It's not over 'til the fat lady sings 

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The San Antonio Lyric Opera's 2004-05 season includes special effects for the scene in which Don Giovanni is dragged into hell's maw (June 17-19).

San Antonio's Lyric Opera returns from the brink grander than ever

"Ihave a lot of ambitions," says Mark Richter, director of the San Antonio Lyric Opera. It's a statement few who know the effusive tenor would dispute. In addition to more or less singlehandedly pushing and prodding the company to life, Richter has appeared in "dozens" of local musicals, organized The Three Tenors shows in San Antonio and Mexico, and runs side businesses in promotions, wedding music, and PR. "Everyone always needs a little extra cash," he says. That's not only true for many of San Antonio's "creatives" but for the organizations that employ them.

A couple of years ago, it looked as if the Lyric Opera might go the way of the Edsel - a beautiful but impractical idea that just couldn't find its niche. Reports of unsuccessful check-kiting and a $200,000 deficit sounded dire. But like opera's martyred heros and heroines who rise from the dead with each new production, the Lyric Opera has staged an impressive comeback. The small company has staged six major operas since then, including Puccini's Madama Butterfly in August, Richter notes, adding ruefully that their recovery hasn't drawn as much ink as their anticipated demise.

In mid-November, the Opera will travel to New York to audition more than 200 singers for its 2005-06 productions. Now in its eighth season, the company lures talent such as regular Metropolitan Opera bass Terry Cook and audience members from Laredo to Austin, and is busting at the seams at McAllister Auditorium. "We're at the point we're shooting ourselves in the foot if we don't find a larger space to perform," Richter sighs with exasperated pride.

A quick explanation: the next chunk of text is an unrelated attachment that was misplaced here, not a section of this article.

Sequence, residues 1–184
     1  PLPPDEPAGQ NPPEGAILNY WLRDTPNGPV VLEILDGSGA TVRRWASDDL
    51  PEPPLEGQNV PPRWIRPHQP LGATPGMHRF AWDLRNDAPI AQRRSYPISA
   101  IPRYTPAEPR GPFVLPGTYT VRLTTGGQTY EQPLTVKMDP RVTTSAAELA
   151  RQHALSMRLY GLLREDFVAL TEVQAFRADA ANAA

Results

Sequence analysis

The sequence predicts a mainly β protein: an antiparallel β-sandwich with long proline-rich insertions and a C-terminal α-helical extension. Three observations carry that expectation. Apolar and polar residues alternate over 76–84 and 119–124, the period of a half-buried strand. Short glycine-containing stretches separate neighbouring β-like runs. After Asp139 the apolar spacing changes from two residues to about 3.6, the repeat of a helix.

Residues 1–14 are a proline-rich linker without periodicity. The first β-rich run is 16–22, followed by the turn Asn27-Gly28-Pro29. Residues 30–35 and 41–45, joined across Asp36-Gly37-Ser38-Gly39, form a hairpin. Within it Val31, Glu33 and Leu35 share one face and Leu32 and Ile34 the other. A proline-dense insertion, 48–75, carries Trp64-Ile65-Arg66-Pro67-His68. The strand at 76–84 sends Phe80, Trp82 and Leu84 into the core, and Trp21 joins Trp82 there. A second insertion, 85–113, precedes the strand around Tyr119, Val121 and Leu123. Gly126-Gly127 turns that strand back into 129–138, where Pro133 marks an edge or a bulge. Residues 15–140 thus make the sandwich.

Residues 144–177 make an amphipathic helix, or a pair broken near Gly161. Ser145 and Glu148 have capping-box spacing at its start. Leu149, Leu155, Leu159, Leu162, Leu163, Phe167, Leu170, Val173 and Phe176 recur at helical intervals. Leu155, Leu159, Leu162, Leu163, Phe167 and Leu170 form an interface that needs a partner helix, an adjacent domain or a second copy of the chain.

In a chorus repeated throughout the performance halls, galleries, and studios of San Antonio, a move to a larger venue - where Richter thinks they could add another 200-300 patrons to their 1,000-plus crowds as well as perform more elaborate and larger operas - would require a lot more cash than the Opera's current $600,000-700,000 budget. "We have the audience," Richter says. "We lack the corporate support and larger private donations."

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Puccini's much-loved Madama Butterfly held the stage at McAllister Auditorium in August.
San Antonio's Lyric Opera began its run on borrowed stages, using existing sets for theater productions, but even with the corners trimmed, opera is not a low-overhead pleasure. "My goal was that every opera would start slowly evolving to something bigger and better," says Richter, who has his sites set on Bernstein. The spring production of Mozart's Don Giovanni, for instance, will cost around $150,000 to produce, approximately $90,000 of which they expect to recoup through ticket sales.

A natural impresario, Richter is certainly willing to be imaginative when it comes to fundraising: A June bullfight, staged in honor of the company's production of Carmen, raised Lyric Opera's profile but not as much money as they had hoped due to "surprise expenses." A benefit scheduled for November will revolve around a semi-staged version of Carousel at the Scottish Rite Temple.

With an estimated $4 million in renovations, Richter believes Scottish Rite would make a good home for the Opera, with more than 100 scene drops that "are like works of art." The Majestic's opera pit is too small, he says, and "Lila Cockrell would be fine, but conventions own Lila Cockrell." Ultimately, however, he'd like to see a performing arts complex along the lines of Houston's Wortham Center. The Opera uses some 30-35 members of the San Antonio Symphony in its productions, and Richter is also interested in working with the SA Metropolitan Ballet. "Everything could come together with collaboration under one roof." •

By Elaine Wolff


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